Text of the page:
It is always important to learn how to invest your money properly so that you do not need to worry about money after retirement.
Starting from this blog post, I am going to share how I used python to set up my own investment plan.
I will try to cover a few topics like:
- how to visualize the long term investment plan
- backtest dollar-cost averaging strategy for long-term investment
- backtest value averaging strategy for long-term investment
- compare different investment strategies for short-term investment
The jupyter notebooks can be downloaded here.
Investing money into anything is often involved with risk. Please do your own research before investing and be responsible for your own investment decisions.
I am just learning investment on my own and want to share some codes that I have written that might be useful for others.
The content here is only for informational purpose (instead of taking them as professional investment advice).
This blogpost contains a function that helps you visualize your long term investment plan.
Step 1: Calculate how much savings do you have for now and estimate how much you can save per year
Step 2: Think about how much money do you need after retirement
3,000 Euro/Month –> 36,000 Euro/Year
Assuming we can have 5% interest rate per year, then we need to accumulate at least 720,000 Euro before retirement (36,000/0.05 = 720,000)
Please also note that, assuming the inflation rate of 3% per year, the buying power of 3000 Euro in 2050 might only worth 1235 Euro in 2020. Please adjust the inflation rate by yourself when estimating how much money do you need after retirement
Step 3: Estmiate (roughly) how much money do you need to invest per year and calculate it’s long term return
# Import libraries from matplotlib import pyplot as plt import pandas as pd plt.style.use('bmh')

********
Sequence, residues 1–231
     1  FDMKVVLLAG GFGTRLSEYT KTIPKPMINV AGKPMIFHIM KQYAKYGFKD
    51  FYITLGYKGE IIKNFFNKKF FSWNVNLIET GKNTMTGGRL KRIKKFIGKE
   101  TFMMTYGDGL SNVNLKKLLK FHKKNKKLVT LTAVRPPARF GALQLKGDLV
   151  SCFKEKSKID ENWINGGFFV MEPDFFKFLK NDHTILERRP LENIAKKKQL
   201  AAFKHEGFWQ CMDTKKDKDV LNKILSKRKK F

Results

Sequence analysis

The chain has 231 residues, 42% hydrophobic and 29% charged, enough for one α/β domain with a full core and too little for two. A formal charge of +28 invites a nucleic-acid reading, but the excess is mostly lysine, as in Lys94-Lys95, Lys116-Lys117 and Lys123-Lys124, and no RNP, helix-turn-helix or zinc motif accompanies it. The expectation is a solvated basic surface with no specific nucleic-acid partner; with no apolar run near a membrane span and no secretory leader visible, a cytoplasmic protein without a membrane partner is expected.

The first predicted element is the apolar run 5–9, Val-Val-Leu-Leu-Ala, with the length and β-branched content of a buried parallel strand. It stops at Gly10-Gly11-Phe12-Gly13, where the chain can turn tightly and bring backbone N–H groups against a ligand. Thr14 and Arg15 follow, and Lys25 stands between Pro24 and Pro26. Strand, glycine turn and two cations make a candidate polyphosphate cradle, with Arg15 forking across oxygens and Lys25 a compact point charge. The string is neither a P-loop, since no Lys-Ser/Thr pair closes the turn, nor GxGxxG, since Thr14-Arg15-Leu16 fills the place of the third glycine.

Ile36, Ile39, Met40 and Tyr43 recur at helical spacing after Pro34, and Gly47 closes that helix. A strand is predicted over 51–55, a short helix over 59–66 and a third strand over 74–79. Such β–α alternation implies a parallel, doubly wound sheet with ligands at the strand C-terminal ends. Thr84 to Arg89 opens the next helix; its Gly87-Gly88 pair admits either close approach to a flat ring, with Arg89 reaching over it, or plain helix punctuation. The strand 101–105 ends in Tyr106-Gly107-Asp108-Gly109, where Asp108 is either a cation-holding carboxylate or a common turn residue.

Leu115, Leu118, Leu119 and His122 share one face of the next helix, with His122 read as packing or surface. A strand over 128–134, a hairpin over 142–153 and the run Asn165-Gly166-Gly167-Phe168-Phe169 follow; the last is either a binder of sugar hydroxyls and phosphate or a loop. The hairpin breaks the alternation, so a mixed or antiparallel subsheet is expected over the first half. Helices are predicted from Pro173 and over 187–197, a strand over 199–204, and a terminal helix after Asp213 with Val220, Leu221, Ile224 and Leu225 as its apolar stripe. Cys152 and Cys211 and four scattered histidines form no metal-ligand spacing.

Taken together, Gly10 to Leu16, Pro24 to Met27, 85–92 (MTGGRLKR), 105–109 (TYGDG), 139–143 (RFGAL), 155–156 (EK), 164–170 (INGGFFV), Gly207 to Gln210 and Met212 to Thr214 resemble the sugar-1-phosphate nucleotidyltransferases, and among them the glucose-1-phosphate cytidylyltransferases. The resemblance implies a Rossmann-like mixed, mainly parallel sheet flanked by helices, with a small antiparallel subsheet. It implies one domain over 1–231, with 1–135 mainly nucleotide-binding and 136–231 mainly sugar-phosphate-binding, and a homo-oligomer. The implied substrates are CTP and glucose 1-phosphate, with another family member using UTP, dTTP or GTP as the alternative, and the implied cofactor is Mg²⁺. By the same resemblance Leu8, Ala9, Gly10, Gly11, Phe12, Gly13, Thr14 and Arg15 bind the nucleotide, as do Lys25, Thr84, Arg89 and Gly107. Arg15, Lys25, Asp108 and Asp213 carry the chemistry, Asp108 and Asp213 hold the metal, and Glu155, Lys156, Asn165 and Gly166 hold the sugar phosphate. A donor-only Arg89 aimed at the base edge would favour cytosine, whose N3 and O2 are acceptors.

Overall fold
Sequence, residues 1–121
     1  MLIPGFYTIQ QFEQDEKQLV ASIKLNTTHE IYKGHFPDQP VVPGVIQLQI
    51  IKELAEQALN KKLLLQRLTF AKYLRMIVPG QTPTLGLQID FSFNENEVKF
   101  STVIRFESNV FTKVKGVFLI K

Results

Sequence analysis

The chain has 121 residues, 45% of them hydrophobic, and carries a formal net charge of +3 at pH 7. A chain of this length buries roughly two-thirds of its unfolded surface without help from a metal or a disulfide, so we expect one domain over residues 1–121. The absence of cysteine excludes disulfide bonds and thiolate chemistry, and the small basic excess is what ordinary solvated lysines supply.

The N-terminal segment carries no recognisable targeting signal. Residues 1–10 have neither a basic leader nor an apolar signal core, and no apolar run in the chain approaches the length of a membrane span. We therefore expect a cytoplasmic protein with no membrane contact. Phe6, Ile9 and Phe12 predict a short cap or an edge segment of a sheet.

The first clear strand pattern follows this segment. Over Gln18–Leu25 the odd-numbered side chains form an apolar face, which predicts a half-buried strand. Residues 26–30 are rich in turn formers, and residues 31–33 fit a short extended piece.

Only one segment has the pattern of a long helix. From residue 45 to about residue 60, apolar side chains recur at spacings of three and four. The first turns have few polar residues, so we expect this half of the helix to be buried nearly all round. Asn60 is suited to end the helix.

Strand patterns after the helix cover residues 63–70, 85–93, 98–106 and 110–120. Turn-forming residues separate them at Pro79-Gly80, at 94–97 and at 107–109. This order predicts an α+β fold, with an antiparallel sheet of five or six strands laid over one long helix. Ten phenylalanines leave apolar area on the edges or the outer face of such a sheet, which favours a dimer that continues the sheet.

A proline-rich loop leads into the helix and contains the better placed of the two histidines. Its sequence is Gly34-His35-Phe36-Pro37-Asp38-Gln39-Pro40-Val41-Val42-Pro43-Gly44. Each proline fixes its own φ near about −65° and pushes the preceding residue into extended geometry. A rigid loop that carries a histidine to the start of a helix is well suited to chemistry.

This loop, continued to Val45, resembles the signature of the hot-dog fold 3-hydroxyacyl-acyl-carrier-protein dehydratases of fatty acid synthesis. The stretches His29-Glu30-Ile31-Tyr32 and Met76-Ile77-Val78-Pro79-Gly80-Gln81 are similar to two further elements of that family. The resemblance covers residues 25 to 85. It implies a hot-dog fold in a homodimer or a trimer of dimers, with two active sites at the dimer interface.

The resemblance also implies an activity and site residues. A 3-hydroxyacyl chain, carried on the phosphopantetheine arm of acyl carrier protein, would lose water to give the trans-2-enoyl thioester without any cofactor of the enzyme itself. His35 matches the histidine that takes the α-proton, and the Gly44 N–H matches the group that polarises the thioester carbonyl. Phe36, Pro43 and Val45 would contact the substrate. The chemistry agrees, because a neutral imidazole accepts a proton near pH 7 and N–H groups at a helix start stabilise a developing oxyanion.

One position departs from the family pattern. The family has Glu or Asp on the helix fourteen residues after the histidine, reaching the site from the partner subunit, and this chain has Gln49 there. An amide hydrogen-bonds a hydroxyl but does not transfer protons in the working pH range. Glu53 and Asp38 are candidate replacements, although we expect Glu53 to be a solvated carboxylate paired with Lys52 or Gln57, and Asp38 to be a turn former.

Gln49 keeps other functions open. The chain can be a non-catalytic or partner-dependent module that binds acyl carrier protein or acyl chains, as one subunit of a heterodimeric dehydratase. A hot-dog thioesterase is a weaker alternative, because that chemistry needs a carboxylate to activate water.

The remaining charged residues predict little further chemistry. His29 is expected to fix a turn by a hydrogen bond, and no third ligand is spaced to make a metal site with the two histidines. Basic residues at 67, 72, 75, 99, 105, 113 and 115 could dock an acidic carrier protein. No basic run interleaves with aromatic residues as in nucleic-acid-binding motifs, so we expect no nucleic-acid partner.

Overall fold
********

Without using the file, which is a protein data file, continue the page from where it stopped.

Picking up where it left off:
def calc_return_over_periods(initial_investment: int, investment_per_period: int, return_per_period: float, n_period: int, increase_investment_per_period: float = 0.00, invest_at_period_begin: bool = True) -> pd.DataFrame: """ This function calculates the overall rate of return across n periods given a certain return rate pre period :param initial_investment: Amount of initial investment :param investment_per_period: Amount of investment per period :param return_per_period: Assumed rate of return per period :param n_period: Total number of periods :param increase_investment_per_period: Increase the amount of investment by x for each period after the first investment period :param invest_at_period_begin: whether to invest at the begining of each period or not :return: dataframe contains the rate of return for n periods. """ df_result = pd.DataFrame() for i in range(n_period): if i == 0: if invest_at_period_begin: period_begin_investment = initial_investment + investment_per_period if not invest_at_period_begin: period_begin_investment = initial_investment df_result.loc[i, 'period_begin_investment'] = period_begin_investment df_result.loc[i, 'total_investment'] = period_begin_investment value = period_begin_investment * (1 + return_per_period) df_result.loc[i, 'value_by_next_period'] = value else: if invest_at_period_begin: period_begin_investment = investment_per_period * ((1 + increase_investment_per_period) ** i) if not invest_at_period_begin: period_begin_investment = investment_per_period * ((1 + increase_investment_per_period) ** (i - 1)) value += period_begin_investment df_result.loc[i, 'period_begin_investment'] = period_begin_investment df_result.loc[i, 'total_investment'] = (df_result.loc[i - 1, 'total_investment'] + df_result.loc[i, 'period_begin_investment']) value = value * (1 + return_per_period) df_result.loc[i, 'value_by_next_period'] = value df_result['return_by_next_period'] = df_result['value_by_next_period'] / df_result['total_investment'] - 1 return df_result.round(2) def plot_changes(df: pd.DataFrame, y1: str = 'total_investment', y2: str = 'value_by_next_period', xlabel: str = 'period', ylabel: str = 'value', title: str = 'Visualize your saving plan and its future value', target: int = None) -> None: """ This function visualizes the total investment and the total value of the investment plan across time :param df: A dataframe contains total investment and total value :param y1: Column name :param y2: Column name :param xlabel: X label :param ylabel: Y label :param title: Title of the graph :param target: Final value one wants to achieve :return: A plot """ plt.figure(figsize=(15, 5)) plt.plot(df[y1], label=y1) plt.plot(df[y2], label=y2) if target: plt.axhline(y=target, c='black', label='target value') plt.xlim([0, len(df[y1])-1]) plt.xlabel(xlabel) plt.ylabel(ylabel) plt.title(title) plt.legend() plt.show()